Trailer orders continue decline in April but outlook “bright”
A cratering number of dry van orders dropped the over net U.S. order total last month to 19,614 units, according to ACT Research.
April’s order intake was down more than 48% from the previous month, but were 23% higher compared to April of 2021. Dry van orders slid 64%, largely thanks to ongoing uncertainty surrounding material costs and build rates.
Frank Maly, ACT Research director of commercial vehicle transportation analysis and research, said that despite April’s drop, OEMs continue to negotiate with fleets “and that effort is building a large group of staged/planned orders that are not yet officially posted to the backlog. Once OEMs gain sufficient confidence in their supply chain and labor availability to open 2023 production slots,” he added, “expect a surge of orders to be ‘officially’ accepted.”
Don Ake, FTR’s vice president of commercial vehicles, said COVID lockdowns in China will delay some components that are needed to make trailers and the war in Europe is creating shortages of aluminum with an associated spike in pricing. “These and other doubts have delayed OEMs from issuing quotes for 2023 requirements,” he added. “So, the low order volumes reflect OEMs filling in the months of the 2022 production schedule they feel more confident about.”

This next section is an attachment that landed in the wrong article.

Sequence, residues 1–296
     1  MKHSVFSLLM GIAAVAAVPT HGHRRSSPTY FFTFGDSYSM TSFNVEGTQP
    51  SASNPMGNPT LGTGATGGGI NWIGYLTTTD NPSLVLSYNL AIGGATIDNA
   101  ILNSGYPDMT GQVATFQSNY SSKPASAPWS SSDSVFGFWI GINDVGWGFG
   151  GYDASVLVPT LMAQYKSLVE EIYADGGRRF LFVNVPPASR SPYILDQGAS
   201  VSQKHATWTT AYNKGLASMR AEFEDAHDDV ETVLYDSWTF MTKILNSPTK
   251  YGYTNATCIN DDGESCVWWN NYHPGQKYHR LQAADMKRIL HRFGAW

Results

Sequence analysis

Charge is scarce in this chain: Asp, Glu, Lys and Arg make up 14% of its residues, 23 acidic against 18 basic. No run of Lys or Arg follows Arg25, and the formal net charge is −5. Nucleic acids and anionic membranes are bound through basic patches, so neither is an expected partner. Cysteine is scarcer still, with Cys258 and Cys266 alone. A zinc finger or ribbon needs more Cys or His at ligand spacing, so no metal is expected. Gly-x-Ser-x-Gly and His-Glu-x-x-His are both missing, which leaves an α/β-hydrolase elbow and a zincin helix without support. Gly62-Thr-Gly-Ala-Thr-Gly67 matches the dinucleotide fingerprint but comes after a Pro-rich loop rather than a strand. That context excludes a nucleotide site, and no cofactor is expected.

Maly noted manufacturers traditionally have been unwilling to push commitments past 12 months, and crossing into a new calendar year (2023) this quickly would not normally be under consideration. “However, recent years, including the pandemic-battered 2020-2021, have been anything but normal, leading us to expect some OEMs to begin viewing deeper orderboards, with appropriate cost/price protections, which would result in both a competitive advantage and improved fleet relations,” Maly said.
The orderboard slid sequentially in April, and Maly expects the backlog to contract through late spring and early summer, “but the yet-to-be-determined date for opening the 2023 orderboards will reverse the backlog contraction and likely quickly extend the backlog well into next year,” he added.
Ake estimated pent-up demand for trailers at over 100,000 units – a level that’s held steady for several months. “But now, the supply chain difficulties are expected to extend into 2023,” he said. “OEMs will then have to build at high rates for an extended time to catch up to demand. The short-term prospects are subdued, but the long-term outlook remains bright.”